The crisis line from Volunteers of America is 1-800-584-3578. Those who prefer texted conversations can go to imhurting.org.

Jefferson County has confirmed 80 cases of COVID-19 since March, with nine active cases and no deaths, according to Jefferson County Public Health data.

Clallam County has confirmed 259 cases of COVID-19 since March, with seven active cases and one death, according to Clallam County Public Health data.

________

Jefferson County reporter Zach Jablonski can be reached at 360-385-2335, ext. 5 or at [email protected].

More in News

Vehicles travel in both directions Thursday evening along the
recently completed state Highway 116 bridge between Indian and
Marrowstone islands. Nicholas Johnson/Peninsula Daily News
Two-way traffic flows between Indian, Marrowstone islands

Highway 116 bridge spanning Kilisut Harbor completed

Keith Thorpe/Peninsula Daily News
Plywood panels cover a pair of windows at Angeles Furniture and Mattress Co., 1114 E. First St., on Saturday in Port Angeles.
Police investigate window-smashing spree

Business windows shot out in Port Angeles

Weekly flight operations scheduled

There will be field carrier landing practice operations for aircraft… Continue reading

Demolition range at Bentinck Island plans operations this week

The Royal Canadian Navy has announced that the land-based… Continue reading

(4013): Deirdre Morrison takes in the bustling energy of the Port
Townsend Farmers Market on Saturday in uptown Port Townsend. The
39-year-old is the new market manager for the Jefferson County Farmers
Markets. Nicholas Johnson/Peninsula Daily News
Port Twonsend Farmers Market finds new manager with deep roots

After 10 years away, Morrison returns to take reins from Milholland

Keith Thorpe/Peninsula Daily News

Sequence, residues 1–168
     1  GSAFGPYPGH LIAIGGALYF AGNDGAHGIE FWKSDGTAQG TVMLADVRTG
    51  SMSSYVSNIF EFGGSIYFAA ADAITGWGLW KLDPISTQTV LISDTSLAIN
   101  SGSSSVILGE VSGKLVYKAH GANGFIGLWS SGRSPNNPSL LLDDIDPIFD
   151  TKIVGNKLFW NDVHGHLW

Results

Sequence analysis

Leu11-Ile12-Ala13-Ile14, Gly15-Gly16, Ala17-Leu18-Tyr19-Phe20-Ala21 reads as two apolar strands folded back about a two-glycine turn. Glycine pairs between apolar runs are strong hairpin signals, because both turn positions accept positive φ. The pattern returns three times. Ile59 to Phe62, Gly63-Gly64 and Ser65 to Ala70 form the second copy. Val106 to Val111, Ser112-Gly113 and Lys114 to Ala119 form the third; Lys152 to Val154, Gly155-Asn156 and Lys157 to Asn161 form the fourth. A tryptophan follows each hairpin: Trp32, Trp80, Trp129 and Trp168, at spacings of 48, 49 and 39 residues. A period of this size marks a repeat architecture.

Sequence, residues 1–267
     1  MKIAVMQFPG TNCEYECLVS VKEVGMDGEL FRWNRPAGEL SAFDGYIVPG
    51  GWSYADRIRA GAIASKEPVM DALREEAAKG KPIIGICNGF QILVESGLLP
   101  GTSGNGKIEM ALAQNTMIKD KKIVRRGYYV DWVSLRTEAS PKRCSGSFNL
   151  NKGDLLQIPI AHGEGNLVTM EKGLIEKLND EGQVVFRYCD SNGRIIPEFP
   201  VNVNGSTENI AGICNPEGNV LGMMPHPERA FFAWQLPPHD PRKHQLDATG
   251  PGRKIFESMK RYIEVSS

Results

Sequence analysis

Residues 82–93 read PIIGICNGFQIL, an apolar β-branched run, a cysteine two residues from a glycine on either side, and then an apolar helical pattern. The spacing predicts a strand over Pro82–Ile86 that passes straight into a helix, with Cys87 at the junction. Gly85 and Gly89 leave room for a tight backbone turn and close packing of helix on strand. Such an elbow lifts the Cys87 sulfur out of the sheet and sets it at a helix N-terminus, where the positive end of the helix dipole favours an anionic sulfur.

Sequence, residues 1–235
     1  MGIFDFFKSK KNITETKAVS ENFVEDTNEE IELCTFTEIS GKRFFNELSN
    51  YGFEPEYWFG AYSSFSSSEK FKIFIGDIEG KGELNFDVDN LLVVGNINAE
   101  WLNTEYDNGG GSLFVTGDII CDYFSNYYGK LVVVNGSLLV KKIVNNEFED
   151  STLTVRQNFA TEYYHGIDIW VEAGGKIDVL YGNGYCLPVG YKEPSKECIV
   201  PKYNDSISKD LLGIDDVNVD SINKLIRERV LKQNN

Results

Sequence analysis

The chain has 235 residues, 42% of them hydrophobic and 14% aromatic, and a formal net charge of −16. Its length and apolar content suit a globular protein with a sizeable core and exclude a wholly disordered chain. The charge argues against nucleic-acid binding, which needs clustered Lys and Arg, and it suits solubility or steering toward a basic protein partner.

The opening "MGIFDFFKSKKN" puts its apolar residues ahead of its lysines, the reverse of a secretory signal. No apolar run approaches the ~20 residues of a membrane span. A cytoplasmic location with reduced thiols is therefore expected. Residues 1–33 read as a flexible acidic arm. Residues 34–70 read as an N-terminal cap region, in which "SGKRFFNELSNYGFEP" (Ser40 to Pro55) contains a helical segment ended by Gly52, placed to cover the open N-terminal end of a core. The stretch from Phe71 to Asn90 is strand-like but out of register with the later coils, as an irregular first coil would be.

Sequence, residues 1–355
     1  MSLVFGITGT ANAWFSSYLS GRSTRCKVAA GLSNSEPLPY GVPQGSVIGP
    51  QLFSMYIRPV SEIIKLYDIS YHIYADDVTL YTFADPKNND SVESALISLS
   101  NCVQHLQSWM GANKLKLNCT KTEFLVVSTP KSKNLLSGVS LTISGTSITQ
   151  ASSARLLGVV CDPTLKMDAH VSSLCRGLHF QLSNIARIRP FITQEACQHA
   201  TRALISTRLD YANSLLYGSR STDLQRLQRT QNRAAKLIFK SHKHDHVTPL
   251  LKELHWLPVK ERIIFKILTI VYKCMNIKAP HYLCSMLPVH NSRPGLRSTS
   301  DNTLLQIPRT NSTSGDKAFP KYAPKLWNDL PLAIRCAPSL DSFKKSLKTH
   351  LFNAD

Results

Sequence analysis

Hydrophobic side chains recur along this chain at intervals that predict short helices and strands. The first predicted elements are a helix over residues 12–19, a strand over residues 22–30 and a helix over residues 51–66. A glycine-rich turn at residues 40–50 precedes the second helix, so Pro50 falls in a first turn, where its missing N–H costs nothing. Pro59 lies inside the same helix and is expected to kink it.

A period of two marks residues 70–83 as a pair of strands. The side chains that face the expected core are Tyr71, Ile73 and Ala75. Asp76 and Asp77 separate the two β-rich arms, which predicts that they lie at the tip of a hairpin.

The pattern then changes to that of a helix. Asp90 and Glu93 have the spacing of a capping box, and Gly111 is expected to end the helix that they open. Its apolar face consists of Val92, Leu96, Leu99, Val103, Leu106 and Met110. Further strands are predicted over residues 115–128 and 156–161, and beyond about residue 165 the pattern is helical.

Victoria Bower of Port Angeles and her granddaughter, Ella Bower, 8, marvel at a water feature in the recreation pool at the Shore Aquatic Center in Port Angeles on Saturday's opening day. The $20 million facility replaces the former William Shore Memorial Pool with a larger building, four pools and expanded support facilities. Because of separation rules for COVID-19, swimmers are required to reserve time to prevent crowding. Blocks of swimming are currently available from 10 a.m. to noon, 1 p.m. to 3 p.m. and 4 p.m. to 6 p.m.
Pool opening day makes a splash in Port Angeles

Victoria Bower of Port Angeles and her granddaughter, Ella Bower, 8, marvel… Continue reading

Candidate financial reports

The following campaign finance information for state Senate candidates Connie Beauvais and… Continue reading

Sven Spichiger, Washington State Department of Agriculture managing entomologist, displays a canister of Asian giant hornets vacuumed from a nest in a tree behind him Saturday, Oct. 24, 2020, in Blaine, Wash. Scientists in Washington state discovered the first nest earlier in the week of so-called murder hornets in the United States and worked to wipe it out Saturday morning to protect native honeybees. Workers with the state Agriculture Department spent weeks searching, trapping and using dental floss to tie tracking devices to Asian giant hornets, which can deliver painful stings to people and spit venom but are the biggest threat to honeybees that farmers depend on to pollinate crops. (AP Photo/Elaine Thompson)
Crews vacuum ‘murder hornets’ out of Blaine nest

Heavily protected crews worked in Blaine on… Continue reading

Forks man gets 14 years for second-degree rape

Dickinson pleaded guilty in September to March 2019 offense

Most Read